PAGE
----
Special to the OBSERVER
I am like most gardeners, spring comes and the itch to get outside and working in my flower and vegetable beds is irresistible. We typically think of gardening in terms of beautiful blooming flowers and delicious vegetables we harvest. If we change our mindset from thinking strictly about the nutrients we need to add to make our plants grow and instead focus on improving the health of the soil, the results will be pleasantly surprising.
To remain healthy, humans go to the doctor annually, eat good foods in moderation, drink lots of water, exercise and expand their minds learning new things. A healthy soil also requires maintenance in the form of an annual checkup to assess the amount of organic matter, structure, depth, and nutrient/water holding capacity.
Let's not forget that soil is essential for all life. Healthy soil sustains plants that provide the oxygen we need to breath. Soil filters pollutants, such as pesticides and contaminants. Soil also regulates water, it controls where it flows. It is the foundational support for buildings. Soil that is healthy is more productive and efficient in its use of nutrients. Soil is alive with microscopic organisms (bacteria and fungi) and many organisms visible to the eye (springtails and earthworms). Reduction of erosion and flooding are also characteristics of healthy soil and shouldn't be overlooked during our current climate change concerns.
Some practices you can do to maintain a healthy soil in your own backyard include:
Add organic matter - Soil with organic matter added regularly has more nitrogen available to plants. Your soil should be loose and crumbly and have an earthy odor. Add manures, compost, peat moss, leaves, scraps, etc. to the soil.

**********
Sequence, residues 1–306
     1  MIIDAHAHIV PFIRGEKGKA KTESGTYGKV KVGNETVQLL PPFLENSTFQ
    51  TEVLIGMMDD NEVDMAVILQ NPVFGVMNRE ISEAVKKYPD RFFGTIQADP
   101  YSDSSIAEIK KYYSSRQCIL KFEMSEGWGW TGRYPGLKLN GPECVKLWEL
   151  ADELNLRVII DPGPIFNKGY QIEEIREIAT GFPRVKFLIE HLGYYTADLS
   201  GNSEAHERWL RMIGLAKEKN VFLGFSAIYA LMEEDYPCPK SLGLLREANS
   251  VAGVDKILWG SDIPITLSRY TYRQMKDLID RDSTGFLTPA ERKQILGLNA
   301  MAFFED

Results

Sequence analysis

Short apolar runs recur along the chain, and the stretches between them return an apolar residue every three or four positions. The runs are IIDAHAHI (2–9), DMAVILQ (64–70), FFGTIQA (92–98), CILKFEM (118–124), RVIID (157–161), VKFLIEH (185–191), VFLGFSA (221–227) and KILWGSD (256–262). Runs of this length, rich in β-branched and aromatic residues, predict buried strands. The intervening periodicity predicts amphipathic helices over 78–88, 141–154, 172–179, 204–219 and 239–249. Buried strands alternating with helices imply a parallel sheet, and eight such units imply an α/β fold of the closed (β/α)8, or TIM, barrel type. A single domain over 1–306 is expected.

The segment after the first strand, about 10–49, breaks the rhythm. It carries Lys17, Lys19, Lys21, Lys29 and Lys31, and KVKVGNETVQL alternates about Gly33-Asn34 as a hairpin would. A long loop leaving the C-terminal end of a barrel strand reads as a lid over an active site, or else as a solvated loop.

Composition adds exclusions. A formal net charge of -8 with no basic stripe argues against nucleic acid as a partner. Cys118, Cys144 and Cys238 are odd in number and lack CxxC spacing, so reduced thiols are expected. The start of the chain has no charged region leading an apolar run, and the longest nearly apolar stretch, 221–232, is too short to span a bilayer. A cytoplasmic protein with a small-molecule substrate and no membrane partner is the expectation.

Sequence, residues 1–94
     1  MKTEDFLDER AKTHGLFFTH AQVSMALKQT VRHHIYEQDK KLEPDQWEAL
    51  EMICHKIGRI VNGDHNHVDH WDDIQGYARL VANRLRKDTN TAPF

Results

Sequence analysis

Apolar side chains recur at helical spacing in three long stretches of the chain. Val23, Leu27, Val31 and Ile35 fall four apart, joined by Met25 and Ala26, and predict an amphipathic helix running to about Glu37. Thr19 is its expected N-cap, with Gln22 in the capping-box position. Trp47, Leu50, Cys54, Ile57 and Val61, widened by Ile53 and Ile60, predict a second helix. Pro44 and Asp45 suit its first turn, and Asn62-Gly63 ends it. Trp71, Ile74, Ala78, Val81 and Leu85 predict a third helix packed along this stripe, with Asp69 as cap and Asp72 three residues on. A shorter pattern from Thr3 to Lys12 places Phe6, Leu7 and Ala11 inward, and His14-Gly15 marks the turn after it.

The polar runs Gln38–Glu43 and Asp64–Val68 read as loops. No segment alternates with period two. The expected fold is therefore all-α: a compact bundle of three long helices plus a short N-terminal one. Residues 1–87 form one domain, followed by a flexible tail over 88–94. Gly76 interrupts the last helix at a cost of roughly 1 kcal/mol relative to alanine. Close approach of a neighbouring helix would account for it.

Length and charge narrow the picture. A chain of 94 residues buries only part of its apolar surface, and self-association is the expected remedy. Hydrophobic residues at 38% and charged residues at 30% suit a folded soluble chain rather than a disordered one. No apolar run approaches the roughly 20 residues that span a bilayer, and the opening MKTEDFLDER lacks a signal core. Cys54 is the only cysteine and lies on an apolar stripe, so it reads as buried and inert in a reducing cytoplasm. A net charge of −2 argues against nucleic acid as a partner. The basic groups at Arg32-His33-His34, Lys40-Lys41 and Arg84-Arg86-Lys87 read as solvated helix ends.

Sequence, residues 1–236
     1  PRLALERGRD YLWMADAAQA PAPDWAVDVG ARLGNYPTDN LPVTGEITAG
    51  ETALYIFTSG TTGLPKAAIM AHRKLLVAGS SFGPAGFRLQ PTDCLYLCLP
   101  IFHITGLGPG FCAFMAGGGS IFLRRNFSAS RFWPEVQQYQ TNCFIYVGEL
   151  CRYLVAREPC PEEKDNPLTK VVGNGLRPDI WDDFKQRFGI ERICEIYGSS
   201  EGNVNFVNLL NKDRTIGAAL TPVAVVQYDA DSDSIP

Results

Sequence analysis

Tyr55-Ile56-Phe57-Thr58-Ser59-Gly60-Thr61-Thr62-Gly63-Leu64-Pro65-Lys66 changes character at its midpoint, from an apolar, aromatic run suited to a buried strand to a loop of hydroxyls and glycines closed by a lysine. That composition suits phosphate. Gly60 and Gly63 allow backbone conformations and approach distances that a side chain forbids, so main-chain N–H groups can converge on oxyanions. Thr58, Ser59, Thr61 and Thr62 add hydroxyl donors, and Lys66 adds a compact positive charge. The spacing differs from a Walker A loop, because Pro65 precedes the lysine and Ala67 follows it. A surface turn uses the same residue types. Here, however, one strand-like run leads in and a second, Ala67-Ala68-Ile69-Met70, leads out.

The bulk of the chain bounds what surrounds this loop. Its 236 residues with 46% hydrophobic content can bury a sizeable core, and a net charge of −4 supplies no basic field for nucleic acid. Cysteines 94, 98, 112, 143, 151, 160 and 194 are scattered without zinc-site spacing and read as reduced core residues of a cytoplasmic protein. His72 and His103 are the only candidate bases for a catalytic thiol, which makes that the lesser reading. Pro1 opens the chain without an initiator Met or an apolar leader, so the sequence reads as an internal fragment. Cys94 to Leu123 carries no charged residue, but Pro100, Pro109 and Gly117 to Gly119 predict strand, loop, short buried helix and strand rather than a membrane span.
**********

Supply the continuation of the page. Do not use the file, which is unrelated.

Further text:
Mulch soils - Using mulch can help soil and plants alike during dry spells which can reduce the need for irrigation. It can also help with balancing nitrogen and phosphorus. Healthy soil also encourages earthworms which create pores for water to follow. One acre of healthy soil can store more than 160,000 gallons of water in the upper foot.
Reduce tillage - Reduce the amount of tillage in your gardens, tilling destroys pore structure and disturbs earthworm and fungi activity.
Plant cover crops - Consider growing a cover crop after harvesting or in areas you may not be using. Natural fertilizer is created when the cover crop is turned over in the spring. Cover crops reduce nitrogen leaching into our water sources.
To improve your garden plants and yields, your best practice is to improve your soil. It is the basis of everything growing. Healthier soils will make healthier plants that are able to withstand disease, pests and drought better than those soils that have not been improved. Using these tips you can improve your soil and produce stunning results in your plantings.
Colleen Cavagna, Cornell Cooperative Extension Educator